I Was Told That I Was Dumb
How the label haunted my adult life
I am sitting on the last bench, literally, on the alleyway side. Fidgeting with my half-eaten pencil, I impersonate being normal. The tide of anxiety is raising its head like an untamed cobra in the jungle. The signboard above the door reads, Class-V|B. The class teacher is gliding among the three alleys, drawn due to the rows that segment the class. I intentionally sit on the last bench, to avoid coming under the class teacher’s radar. I insanely pray to the universe to cast a spell that restricts her entry to my bench, for checking homework. My Grammy always told me, ‘the chants had power to blind the foe’.
Was she my foe?
Or I thought my teachers were my foes.
The only explanation for this teachers-are-my-foe theory is my inability to cope with rote learning and labeling.
My litany to the almighty usually starts from the first period, mostly in Mathematics. My brain goes on auto mode, I chant the Qalimahs to keep the teacher at bay. I have a tough row to hoe because the classroom and I never flicker a friendly spark. Sometimes I amcaught, and like a criminal of third-degree humiliated or slapped on the cheeks for being a zero-wit dumbo. Maybe the teacher's intentions aren’t as harsh as the scars on my cheeks. But even today, the ghost scars raise their head and scare the broad daylight out of me. The chiming echo of laughter and mimicked words still ring the bell in my eardrums, perhaps so sharply that it might pierce, ‘She is saying that the plural of child is CHILDS’. While my teacher, one bad day, came to me and asked the plural of Child. The answer was a no-brainer. ‘CHILDS’.
The teacher erupts in a diabolic laughter influencing the class. Some of my classmates aren’t too well aware of the answer. But they follow the suit. Perhaps for 10-years-old it is a schizophrenic insult, that shadows her adult life. Traces remain even today because after that incident I also took the label of debacle-master along with being dumb. I understand that the thresholds for trauma are different for everyone. For me, it made me an anxious squirming girl, who never knew that anxiety is not something to live with. I was so anxious, that the first time I stepped up on the stage for reciting the poem, There’s no time to stand and stare, I literally blared in the mic. I didn’t look up, nor stopped blaring(Read reciting the poem). My English teacher might’ve repented her decision to put me up on the stage.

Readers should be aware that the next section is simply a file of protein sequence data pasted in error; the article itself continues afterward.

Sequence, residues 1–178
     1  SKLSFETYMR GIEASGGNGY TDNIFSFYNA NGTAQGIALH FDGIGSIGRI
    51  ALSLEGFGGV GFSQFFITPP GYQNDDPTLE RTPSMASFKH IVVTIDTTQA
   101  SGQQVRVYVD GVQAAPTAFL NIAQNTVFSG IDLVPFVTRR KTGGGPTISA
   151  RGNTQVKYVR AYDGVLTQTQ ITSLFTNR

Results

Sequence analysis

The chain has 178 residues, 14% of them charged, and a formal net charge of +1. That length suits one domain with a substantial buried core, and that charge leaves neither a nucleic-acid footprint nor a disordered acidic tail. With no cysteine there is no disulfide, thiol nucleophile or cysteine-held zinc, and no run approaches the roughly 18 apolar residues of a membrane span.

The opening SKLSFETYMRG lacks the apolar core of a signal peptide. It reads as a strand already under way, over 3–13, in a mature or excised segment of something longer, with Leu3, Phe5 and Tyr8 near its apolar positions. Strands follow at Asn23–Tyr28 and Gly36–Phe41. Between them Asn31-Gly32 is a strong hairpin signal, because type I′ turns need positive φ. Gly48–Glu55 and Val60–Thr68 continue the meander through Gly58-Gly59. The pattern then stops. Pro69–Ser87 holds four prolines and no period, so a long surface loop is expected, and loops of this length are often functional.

The shame and lashing that followed remained with me like a leaking faucet, at the back of my mind. It damped my following efforts to erect my spine. Also followed in my marriage camouflaging as anxiety. Again I was labeled as a disorganized dumbo. However hard I acted smart, I acted out ditzy. I was questioned. Mocked. Mimicked. The way my teacher mimicked me in class V for not knowing the plural form of Child. I conveniently wore the label. I also assumed that wearing a label is INEVITABLE. Now there’s a thing about the labels, they have magical strength. They have powers to shape and un-shape. I was under the powerful spell of these labels, slapped on me even in my adult life.
In retrospect, when I tried to square in, blurry scenes echo saying ‘she is below average, she can’t even remember the plural of child’. The labels ‘average’, ‘dumb’, ‘audacious’, and ‘shameless’ in class-5, further maneuvered my path to growth. I was also deemed Shameless because I didn’t get the concepts of trigonometry or couldn’t write an essay. Also, my hairs were disheveled, my uniform creased and my nose ran, and because a 10-year-old kid recently lost her mother, and didn’t know the elite etiquette of the school. I tried to keep up, but goofed up most of the time and invited a well-aimed slap for an unfinished class book, or anxiously shouting in the mic, when given the opportunity for reciting, ‘There’s no time to stand and stare’.
However heavy, I wore them with dignity. Actually, my great-great-great Grammy too wore her labels with dignity. She was told that she is half to her man. And her great-great-great Grammy wore her labels. The process of evolution taught her to do so, or else she would’ve been abandoned for speaking her mind. Human species are vulnerable enough to fit in the cast, other's shape for them like amorphous, brainless creatures. So to fit in, we wear labels. Back then, in my class-V, I was new to humanhood, hence I thought it was fatal to miss something, and further it was mortally fatal to be socially unfit. If you are deemed as one, you dare not deny the label. Whether good or bad.
But insights are the rarest phenomenon on this planet. The labels wore me down and after decades of weight, I saw a therapist who could help me identify the difference between me and my assumed self. Why? Because my intellectual output was always at loggerheads with my self-image. I did well even though I was anxious. But the bigger question, HOW? Wormed into my brain. So, when I told my therapist that I was an average person striving to go beyond her intellect, he told me that it was quite wrong on my part to label myself.
As I said Insights are things like Halley’s comet.
LABELS. The word resounded in my mind as if saying, ‘Am I really dumb, average?’
Or is it just a label that I am unwilling to shed?